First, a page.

Accommodation in the town/city
Residential areas in most Third World cities have always been segregated; original divisions along ethnic lines are now often expressed chiefly (if broadly) in terms of income. This is considered in section three. Here brief comment will be made on the process of settlement for new arrivals.
The majority of those arriving in a town/city have few assets. Those who have none at all may live on the streets for an indeterminate period, but most gravitate either towards high density, low cost housing within the urban centre (particularly if they have contacts or relations there), or establish themselves in squatter settlements on the urban periphery. Whether known as squatter camps, shanty towns, or ‘self-help housing’, these are now a common feature of cities in most parts of the Third World. A precise definition of them is not easy, but generally at least two of the following elements apply. These are that the occupants are poor; the dwellings were built by the families that originally or now occupy them; the settlement as originally founded was at least partially illegal, and lacked planning permission; and that when it was established, most forms of infrastructure were lacking (and may still be so) (Gilbert and Gugler, 1992:123). Another characteristic of self-help housing settlements are that they are frequently located on highly unsuitable land, this being the only space that is not already settled and/or is accessible to the poor. Sites have included “…marsh and lake bed preserves in Mexico City; shallow bays and inlets in Salvador, Bahia (Brazil), and Manila; estuaries in Dacca; steep hillsides in La Paz; and polluted lagoons in Cartagena” (Campbell, 1989:177). Such areas may be highly dangerous ones in which to live; indeed, in a figure that must have already been exceeded, Leonard (1989:27–28) has claimed that,
“Close to 100 million very poor people in the developing world live on the periphery of urban areas in settings where they may be threatened periodically by environmental disasters created or abetted by their own living conditions.”
Within the category of self-help housing there are various sub-types, notably:
Research has shown that the response of poor people to their housing in such situations is both rational and often innovative. The work of Turner (1976), for example, demonstrated that poor people go through several phases of effective acclimatization to city life. They begin as very low income ‘bridgeheaders’, when access to casual work is the most crucial consideration, and they accept any nearby shelter. At a later stage (perhaps five years on, but the time period will vary), when they have saved a little money and gained a more secure income, they become ‘consolidators’, attempting to establish their position through legal tenure of their residence. Successful families, ‘status seekers’, may move to new accommodation, or seek to improve their existing homes if the area is being upgraded. Turner's model is of value in indicating that even very disadvantaged groups in urban society exercise choice. The main problem with it is that it does not take into account socio-political, cultural and other differences between cities; poor people all over the world do not act in exactly the same way (Van Lindhert and Van Western, 1991:1010). For example, tenure structures in Third World cities exhibit strong regional differences (Gilbert and Gugler, 1992). In certain parts of Asia, renting is very common; in Chinese cities, almost every household rents accommodation from the state or state enterprises. In India, levels of renting versus ownership vary from city to city. In many African cities the majority of residents live in rented housing, and may continue to do so even once they can afford to purchase a property. A reason often cited for this is the perception among African urban dwellers that their real home lies in the rural area of their origin, to which they will eventually return. However, this may also be gradually changing.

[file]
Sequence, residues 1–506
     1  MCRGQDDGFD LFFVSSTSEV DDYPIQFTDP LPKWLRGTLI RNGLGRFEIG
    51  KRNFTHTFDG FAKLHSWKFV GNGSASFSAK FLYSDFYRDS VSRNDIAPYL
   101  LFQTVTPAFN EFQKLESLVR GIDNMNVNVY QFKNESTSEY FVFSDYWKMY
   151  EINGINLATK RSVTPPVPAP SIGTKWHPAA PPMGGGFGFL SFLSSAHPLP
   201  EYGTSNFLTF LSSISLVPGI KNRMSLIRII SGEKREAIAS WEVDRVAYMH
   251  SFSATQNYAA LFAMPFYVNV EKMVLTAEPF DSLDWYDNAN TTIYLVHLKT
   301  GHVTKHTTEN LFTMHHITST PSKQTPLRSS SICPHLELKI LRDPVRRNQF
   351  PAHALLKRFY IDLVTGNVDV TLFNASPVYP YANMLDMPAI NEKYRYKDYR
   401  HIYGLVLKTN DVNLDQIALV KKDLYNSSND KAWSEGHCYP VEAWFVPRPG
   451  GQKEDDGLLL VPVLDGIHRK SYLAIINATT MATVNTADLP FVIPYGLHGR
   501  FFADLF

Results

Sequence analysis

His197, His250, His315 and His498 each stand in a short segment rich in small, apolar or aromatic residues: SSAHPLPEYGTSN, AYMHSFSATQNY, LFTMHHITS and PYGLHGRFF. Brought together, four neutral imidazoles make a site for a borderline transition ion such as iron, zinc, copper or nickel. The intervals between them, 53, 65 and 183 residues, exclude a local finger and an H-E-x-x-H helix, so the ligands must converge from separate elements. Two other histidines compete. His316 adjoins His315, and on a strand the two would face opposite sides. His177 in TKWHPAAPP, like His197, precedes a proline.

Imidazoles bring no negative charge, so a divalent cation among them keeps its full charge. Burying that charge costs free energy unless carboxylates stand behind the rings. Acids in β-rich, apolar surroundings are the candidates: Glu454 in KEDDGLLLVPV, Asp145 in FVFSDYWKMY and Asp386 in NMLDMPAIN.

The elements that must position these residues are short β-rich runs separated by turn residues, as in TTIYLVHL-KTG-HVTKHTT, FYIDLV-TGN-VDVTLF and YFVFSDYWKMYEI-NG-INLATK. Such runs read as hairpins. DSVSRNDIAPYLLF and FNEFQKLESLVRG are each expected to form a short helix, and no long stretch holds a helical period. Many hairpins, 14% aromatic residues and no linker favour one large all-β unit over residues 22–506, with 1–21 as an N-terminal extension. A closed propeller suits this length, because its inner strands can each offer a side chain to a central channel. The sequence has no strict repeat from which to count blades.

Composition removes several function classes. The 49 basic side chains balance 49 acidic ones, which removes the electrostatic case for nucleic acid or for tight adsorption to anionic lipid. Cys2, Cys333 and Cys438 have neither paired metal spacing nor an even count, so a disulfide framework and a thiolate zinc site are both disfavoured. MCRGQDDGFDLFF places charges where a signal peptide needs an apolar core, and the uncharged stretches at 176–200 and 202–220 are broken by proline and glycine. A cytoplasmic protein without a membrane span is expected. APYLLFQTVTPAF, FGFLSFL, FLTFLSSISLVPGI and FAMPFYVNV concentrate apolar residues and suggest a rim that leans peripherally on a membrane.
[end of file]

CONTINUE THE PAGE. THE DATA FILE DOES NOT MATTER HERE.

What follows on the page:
From this very superficial review, a number of issues of potential relevance to urban tree use by Third World urban dwellers may be identified. These are presented more as avenues for further enquiry rather than known fact; aspects raised are explored in other parts of the text.
Recent poor migrants
People who have recently arrived in a city, and who are in the process of establishing themselves in temporary accommodation, are most unlikely to have any interest in cultivating trees. However, they may possibly benefit from existing trees in a variety of ways. In section four (box 4.4) it is noted that street trees can provide shade for small businesses, a place to meet and relax, and even a religious function. Urban trees may also provide fuel (in the form of leaves, twigs and dead branches), perhaps material to construct temporary shelters, and fruit or other edible products.
Those who are beginning to settle
People living in rented accommodation with no security of tenure will probably not be interested in tree cultivation, since it is a long term investment. However, the longer they stay, and the more secure they feel, the more likely they are to investigate possibilities for growing their own food in the locality, and perhaps planting some trees for a variety of purposes. For example, Sanyal (1985) found that on average migrants to Lusaka, Zambia took 10 years before they began to invest in urban agriculture.
Well-established urban dwellers